Lakers' road to repeat looks much better with Anthony Davis back
By Melissa Rohlin
FOX Sports NBA Writer
After Anthony Davis made his first basket in 67 days, he shook his head in relief.
He had missed his first five shots, and it took him more than seven minutes to score against the Dallas Mavericks on Thursday, a stumbling start for the eight-time All-Star.
But that was to be expected after he missed 30 games because of a right calf strain and tendinosis, and he couldn't help but savor watching the ball splash through the net after shooting a step-back, 19-foot jumper with 4:51 left in the first quarter.
In a season filled with Stephen Curry's 50-footers, Joel Embiid's power in the paint and Nikola Jokic's dominance, Davis' rocky night might have been one of the highlights of an injury-scarred NBA season, considering the scare he had just more than two months earlier.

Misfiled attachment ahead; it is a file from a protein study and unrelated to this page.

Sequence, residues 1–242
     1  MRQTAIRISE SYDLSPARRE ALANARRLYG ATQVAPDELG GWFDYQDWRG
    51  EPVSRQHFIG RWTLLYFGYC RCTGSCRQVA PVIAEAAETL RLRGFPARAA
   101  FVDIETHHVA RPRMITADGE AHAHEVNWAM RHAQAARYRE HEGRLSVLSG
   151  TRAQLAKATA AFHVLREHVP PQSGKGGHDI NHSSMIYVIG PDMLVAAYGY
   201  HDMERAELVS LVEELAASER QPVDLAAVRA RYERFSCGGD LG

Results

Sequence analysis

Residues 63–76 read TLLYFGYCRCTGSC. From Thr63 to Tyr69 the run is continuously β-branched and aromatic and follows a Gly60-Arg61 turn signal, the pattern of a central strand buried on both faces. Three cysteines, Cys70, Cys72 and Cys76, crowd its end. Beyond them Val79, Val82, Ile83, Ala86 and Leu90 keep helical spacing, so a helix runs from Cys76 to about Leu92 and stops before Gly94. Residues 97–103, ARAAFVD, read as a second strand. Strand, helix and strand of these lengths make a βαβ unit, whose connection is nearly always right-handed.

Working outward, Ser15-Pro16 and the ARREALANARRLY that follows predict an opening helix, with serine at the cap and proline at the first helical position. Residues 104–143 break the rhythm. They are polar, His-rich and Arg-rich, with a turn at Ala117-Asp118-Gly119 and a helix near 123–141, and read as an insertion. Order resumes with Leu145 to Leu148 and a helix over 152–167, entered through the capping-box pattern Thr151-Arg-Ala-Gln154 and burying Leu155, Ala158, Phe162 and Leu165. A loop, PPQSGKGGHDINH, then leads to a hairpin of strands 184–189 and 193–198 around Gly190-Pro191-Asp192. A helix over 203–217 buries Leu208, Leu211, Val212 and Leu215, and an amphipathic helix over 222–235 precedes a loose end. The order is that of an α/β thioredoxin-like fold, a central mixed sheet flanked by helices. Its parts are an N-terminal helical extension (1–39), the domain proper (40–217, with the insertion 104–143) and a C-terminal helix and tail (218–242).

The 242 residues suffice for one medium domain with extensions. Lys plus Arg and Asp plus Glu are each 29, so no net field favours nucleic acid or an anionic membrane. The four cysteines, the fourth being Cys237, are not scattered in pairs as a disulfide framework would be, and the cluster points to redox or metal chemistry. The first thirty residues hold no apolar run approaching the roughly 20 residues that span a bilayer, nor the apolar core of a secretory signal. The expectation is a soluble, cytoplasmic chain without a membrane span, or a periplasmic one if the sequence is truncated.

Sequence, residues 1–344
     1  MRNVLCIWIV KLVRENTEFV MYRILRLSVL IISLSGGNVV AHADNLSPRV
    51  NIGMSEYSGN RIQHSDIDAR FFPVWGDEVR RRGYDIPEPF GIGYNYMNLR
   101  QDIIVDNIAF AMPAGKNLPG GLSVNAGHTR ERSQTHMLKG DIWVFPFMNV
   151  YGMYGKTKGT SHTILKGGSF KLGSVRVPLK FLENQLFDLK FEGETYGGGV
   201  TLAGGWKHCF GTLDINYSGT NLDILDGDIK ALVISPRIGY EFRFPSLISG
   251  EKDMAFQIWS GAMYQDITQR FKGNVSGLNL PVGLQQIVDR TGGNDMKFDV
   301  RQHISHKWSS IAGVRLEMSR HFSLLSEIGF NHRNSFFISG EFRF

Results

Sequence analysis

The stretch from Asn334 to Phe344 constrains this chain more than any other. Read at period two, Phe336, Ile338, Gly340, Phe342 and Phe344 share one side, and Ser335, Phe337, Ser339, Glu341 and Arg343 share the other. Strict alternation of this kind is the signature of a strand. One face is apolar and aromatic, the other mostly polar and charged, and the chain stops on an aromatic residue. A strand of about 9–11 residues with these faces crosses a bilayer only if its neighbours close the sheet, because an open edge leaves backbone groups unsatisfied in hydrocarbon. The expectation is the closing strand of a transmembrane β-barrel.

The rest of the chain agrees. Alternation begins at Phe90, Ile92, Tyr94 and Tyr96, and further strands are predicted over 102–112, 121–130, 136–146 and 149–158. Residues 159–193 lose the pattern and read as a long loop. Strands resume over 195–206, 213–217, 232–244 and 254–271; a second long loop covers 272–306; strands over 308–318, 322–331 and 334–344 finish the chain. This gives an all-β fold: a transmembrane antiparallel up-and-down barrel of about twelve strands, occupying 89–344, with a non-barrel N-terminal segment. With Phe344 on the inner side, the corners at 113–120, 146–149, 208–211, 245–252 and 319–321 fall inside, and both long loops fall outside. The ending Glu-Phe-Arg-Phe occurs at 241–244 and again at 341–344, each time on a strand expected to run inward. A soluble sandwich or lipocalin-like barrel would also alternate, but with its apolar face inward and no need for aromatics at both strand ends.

In a loss to the Denver Nuggets on Feb. 14, Davis grabbed at his right heel and limped off the court after planting his foot.
The fear was that he suffered one of the most dreaded injuries in the NBA, a torn Achilles tendon. It's an injury that sidelines players eight to 12 months and often leaves them a hobbled version of themselves when they return.
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Davis acknowledged that even he was afraid at the time. He said he never experienced pain like that in his life. He described feeling a "ripping" sensation in his Achilles tendon, the largest tendon in the body that's essential for walking, jumping and running.
The injury turned out to be less severe than feared, and his return represented a welcome development for the Lakers, who fell from the second seed to the fifth seed in his absence.
It's also great news for the league, which has been struggling with an onslaught of injuries to its players amid a condensed, 72-game season following a historically short offseason and would like the playoffs to feature as many top players as possible.
Soon the face of the NBA will be back, too. According to Davis, LeBron James (high right ankle sprain) is "a couple weeks or so" from returning.